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Too many moving parts: Re: meta-specs
- From: Jonathan Borden <firstname.lastname@example.org>
- To: "Simon St.Laurent" <email@example.com>,"Sean B. Palmer" <firstname.lastname@example.org>,"Bullard, Claude L (Len)" <email@example.com>
- Date: Wed, 30 May 2001 18:22:33 -0400
> I am curious about various approaches that tie it all together
> and in this particular case, wondering if for some time period
> it may be wise to focus on the instances and therefore, XML
> Schemas as a simple means to get definitions for instances.
> In total there would be many modules, but to begin with, having
> chosen some categories of information, we sort out membership
> of various documents and record that sorting in the document
> type (schema). It takes a "feel" for the data domains followed
> by normalization, then iterate until it *feels right*.
> Is that too... Extreme?
:-) The question is how to best capture this schema as a collection.
Whatever works. You might write a Schematron and keep adding assertions
until all the instances you want in are in and all the instances you want
out are out.
> I understand that you are looking at a type system
> independent of the schema language. I need to understand
> that better. My dilemma is "too many moving parts", that
> is, having so many ways to design that it becomes difficult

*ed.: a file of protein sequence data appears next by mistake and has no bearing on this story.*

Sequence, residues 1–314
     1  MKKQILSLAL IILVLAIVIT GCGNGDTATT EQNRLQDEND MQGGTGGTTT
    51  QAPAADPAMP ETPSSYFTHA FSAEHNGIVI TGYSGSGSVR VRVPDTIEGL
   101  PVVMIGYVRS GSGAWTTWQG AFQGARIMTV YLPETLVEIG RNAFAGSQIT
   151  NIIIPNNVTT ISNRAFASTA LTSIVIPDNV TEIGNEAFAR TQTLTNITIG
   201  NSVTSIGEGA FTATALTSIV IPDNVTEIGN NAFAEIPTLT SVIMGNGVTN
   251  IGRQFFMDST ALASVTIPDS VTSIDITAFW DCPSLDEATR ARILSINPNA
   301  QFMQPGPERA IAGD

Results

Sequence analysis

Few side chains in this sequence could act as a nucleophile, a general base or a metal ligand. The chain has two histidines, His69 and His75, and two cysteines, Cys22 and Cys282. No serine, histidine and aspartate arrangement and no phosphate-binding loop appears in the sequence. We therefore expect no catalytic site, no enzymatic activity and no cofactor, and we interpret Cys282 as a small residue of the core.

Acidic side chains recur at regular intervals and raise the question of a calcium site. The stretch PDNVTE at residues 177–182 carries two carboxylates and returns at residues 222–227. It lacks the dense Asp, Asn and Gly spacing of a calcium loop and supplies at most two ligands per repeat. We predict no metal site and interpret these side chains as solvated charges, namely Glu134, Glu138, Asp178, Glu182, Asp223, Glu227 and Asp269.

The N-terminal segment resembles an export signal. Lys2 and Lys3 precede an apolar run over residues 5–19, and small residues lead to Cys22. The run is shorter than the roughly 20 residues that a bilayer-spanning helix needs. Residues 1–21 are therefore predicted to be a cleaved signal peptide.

> to choose. Schemas I know so I tend toward what I know and
> that isn't always the best metric.
Sure. What I would like to ultimately see is for people to use whatever
tools or languages feel best for their task. We get back into the software
project composed of multiple modules in multiple languages trying to work
together. So objects were invented as a way to abstract a module based on
its properties and methods. In the same way that a bunch of code becomes a
"method" and a data structure becomes a "property", a schema module or a
constraint or an XPath becomes a type (each defines a set of instances).
Types as sets of nodes abstracts the concept of "type" from the particular
language used to express the constraints on the set.
Perhaps we will ultimately be able to validate a document which contains
several vocabularies in different namespaces and each vocabulary is
described using a different language. This meta-schema validator just asks
each node: are you ok? and the node is responsible for figuring out if it
and what it contains is ok. If everything is ok the document is valid.
The problem with too many moving parts, is not that there are too many
parts, or that they are moving, but that they are moving in different
directions without regard for eachother. With a few screws and some oil
perhaps we can assemble a bunch of spinning cogwheels into a swiss watch.
> I like your approach in that it appeals to my need to start
> as much as possible from simple devices. If we have the
> instances nailed down, we have a pretty good idea how to
> then begin to look at different schemata techniques and
> thus, which one best models some particular kinds of
> constraints because we know what the outputs look like.
> If we got the categories right, we are in the right
> neighborhood. So I am following this with great interest.
> I realize how unscientific it all sounds, but after
> some years of doing this, I am convinced schema design
> is art supported by method. :-)
It _is_ scientific :-) The "Schema Algebra" is just a fancy formal way of
stating the same. The only reason this needs to be said in a mathematical
way is that we need to be very precise about what we are doing. Precision
can be simple.